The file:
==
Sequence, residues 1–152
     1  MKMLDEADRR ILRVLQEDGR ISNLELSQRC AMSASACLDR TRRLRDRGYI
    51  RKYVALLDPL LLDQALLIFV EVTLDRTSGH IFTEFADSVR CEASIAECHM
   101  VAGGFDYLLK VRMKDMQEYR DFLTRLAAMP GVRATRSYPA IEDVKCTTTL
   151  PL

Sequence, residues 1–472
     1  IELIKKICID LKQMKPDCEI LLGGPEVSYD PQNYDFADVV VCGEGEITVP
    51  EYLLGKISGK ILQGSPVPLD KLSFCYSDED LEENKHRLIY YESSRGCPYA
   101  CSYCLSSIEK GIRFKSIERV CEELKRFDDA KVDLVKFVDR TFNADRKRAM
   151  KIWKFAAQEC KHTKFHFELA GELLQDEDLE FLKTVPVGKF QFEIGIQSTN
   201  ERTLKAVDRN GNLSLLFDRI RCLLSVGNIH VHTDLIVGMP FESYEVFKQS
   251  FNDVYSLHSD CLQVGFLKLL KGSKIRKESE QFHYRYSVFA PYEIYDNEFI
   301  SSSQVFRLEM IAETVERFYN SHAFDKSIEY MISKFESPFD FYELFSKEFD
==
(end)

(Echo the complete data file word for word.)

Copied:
Sequence, residues 1–152
     1  MKMLDEADRR ILRVLQEDGR ISNLELSQRC AMSASACLDR TRRLRDRGYI
    51  RKYVALLDPL LLDQALLIFV EVTLDRTSGH IFTEFADSVR CEASIAECHM
   101  VAGGFDYLLK VRMKDMQEYR DFLTRLAAMP GVRATRSYPA IEDVKCTTTL
   151  PL

Sequence, residues 1–472
     1  IELIKKICID LKQMKPDCEI LLGGPEVSYD PQNYDFADVV VCGEGEITVP
    51  EYLLGKISGK ILQGSPVPLD KLSFCYSDED LEENKHRLIY YESSRGCPYA
   101  CSYCLSSIEK GIRFKSIERV CEELKRFDDA KVDLVKFVDR TFNADRKRAM
   151  KIWKFAAQEC KHTKFHFELA GELLQDEDLE FLKTVPVGKF QFEIGIQSTN
   201  ERTLKAVDRN GNLSLLFDRI RCLLSVGNIH VHTDLIVGMP FESYEVFKQS
   251  FNDVYSLHSD CLQVGFLKLL KGSKIRKESE QFHYRYSVFA PYEIYDNEFI
   301  SSSQVFRLEM IAETVERFYN SHAFDKSIEY MISKFESPFD FYELFSKEFD